Lastly, the financial effect of price and output criteria, embraced for government’s major earnings source, and the difficulty of implementing the proposed minimum wage will be briefly considered.

Although, in contrast to earlier Administrations, the present federal government was expected, as an incoming, progressive, administration to tilt financial allowances, substantially, in favour of Capital investment; sadly, nevertheless, PMB’s Administration seems satisfied to sustain the regressive average of 30/70 ratio in between Capital investment and intake costs, despite the apparent truth of our serious infrastructural deficit, in such areas as power, transportation, health and education. Presently, Expenditure on incomes and consumables still receive premium allocation, regardless of the reported elimination of countless ghosts employees and significant cost savings from the adoption of a Treasury Single Account.

Worse still, in the 2018 budget, for instance, just N821bn was up until now released by December, out of the total of N2.87 tn actually allocated Capital expense. Undoubtedly, according to PMB in his budget plan address, “we have rollovered Capital Projects that were not likely to be completely moneyed by Year end 2018 to 2019 spending plan.”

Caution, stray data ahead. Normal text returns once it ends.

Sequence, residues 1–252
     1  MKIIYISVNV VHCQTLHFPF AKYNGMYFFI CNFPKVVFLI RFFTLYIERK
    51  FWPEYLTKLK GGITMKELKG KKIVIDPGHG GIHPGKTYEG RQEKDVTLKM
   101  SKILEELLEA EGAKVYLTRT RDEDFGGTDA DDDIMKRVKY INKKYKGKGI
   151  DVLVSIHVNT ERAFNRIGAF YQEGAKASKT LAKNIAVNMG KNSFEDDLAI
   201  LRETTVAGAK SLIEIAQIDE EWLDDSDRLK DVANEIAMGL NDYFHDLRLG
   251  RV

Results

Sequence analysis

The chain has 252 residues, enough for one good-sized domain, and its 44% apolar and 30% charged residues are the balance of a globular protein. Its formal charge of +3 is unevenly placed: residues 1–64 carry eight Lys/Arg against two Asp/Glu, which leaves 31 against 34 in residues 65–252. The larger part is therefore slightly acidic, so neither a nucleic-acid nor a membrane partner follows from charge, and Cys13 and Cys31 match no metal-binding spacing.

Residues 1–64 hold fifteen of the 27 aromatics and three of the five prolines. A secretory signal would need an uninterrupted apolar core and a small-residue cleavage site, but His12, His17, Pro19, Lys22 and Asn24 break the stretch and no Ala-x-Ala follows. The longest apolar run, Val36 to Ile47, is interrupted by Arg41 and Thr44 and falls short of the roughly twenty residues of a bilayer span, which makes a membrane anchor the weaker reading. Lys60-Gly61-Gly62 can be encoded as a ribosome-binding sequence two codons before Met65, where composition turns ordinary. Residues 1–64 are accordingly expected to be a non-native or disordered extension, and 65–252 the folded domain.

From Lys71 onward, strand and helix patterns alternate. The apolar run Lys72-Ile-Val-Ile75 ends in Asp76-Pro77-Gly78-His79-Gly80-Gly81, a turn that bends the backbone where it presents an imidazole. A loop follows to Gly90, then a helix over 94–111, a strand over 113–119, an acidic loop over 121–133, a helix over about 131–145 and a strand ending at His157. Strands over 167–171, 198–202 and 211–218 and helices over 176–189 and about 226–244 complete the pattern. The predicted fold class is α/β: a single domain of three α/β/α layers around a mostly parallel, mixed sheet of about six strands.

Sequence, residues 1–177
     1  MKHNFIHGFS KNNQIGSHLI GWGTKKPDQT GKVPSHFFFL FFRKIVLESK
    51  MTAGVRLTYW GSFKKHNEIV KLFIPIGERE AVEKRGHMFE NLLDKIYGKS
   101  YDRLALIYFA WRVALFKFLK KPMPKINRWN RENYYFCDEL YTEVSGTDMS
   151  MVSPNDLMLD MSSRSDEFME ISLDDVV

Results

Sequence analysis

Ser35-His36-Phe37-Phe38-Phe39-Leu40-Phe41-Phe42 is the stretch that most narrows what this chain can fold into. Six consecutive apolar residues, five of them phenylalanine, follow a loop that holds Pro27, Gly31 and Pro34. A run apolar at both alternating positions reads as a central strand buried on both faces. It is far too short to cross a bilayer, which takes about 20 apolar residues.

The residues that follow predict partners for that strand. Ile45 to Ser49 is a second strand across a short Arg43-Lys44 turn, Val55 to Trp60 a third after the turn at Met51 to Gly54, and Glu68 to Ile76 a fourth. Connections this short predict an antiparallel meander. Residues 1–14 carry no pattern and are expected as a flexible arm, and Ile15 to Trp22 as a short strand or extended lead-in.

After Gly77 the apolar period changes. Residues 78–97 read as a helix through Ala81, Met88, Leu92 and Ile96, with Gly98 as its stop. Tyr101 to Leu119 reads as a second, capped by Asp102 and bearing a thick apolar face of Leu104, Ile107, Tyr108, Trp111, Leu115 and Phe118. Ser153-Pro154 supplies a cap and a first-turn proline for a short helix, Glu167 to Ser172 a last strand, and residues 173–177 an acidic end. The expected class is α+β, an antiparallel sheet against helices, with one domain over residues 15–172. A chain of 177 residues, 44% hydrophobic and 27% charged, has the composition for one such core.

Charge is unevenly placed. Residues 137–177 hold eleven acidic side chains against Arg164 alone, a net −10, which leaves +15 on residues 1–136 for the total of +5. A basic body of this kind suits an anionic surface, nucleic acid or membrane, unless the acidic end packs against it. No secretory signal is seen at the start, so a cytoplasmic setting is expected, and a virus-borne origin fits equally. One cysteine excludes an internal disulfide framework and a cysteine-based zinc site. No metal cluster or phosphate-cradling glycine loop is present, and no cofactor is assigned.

Unfortunately, however, with Mr. President also laying the 2019 budget prior to NASS as late as December 2018, a substantial part of the 2019 capital spending plan, will similarly be continued to 2020 budget plan. Perhaps, nevertheless, if a new administration enters into power, in May 2019, the application of the 2019 budget plan may suffer even worse fate.

Inevitably, the adhoc execution of the Capital budget, certainly creates appealing chances for corruption and distortion in allowance. Subsequently, it will apparently, not be in the interest of federal government beneficiaries to work assiduously towards earlier discussion of yearly budget plans to the National Assembly by 30th June of each year at the current.

Curiously likewise, in spite of, relatively higher crude costs and output considering that 1999, the Naira currency exchange rate continued to depreciate. Indeed, if oil price spirals, once again, even well beyond $100/barrel, the Naira would still diminish versus the dollar as we have actually earlier witnessed; inexplicably, however, even when reserves fortuitously went beyond $60bn, the Naira rate continued to stay challenged, yet, conversely, the Naira stayed stable around N80=$1 between 1994-8, even when, total foreign reserves was barely $4bn!

However, due to the fact that of this plainly incongruent Naira exchange rate system, Nigeria’s significantly bloated annual budgets are ultimately minimized to modest worths when expressed in dollar rates. Subsequently, the 2013 budget plan of N4.99 tn for example, with N160=$1 is most likely more in genuine value than the proposed 2019 spending plan of N8.83 tn with N305=$ currently.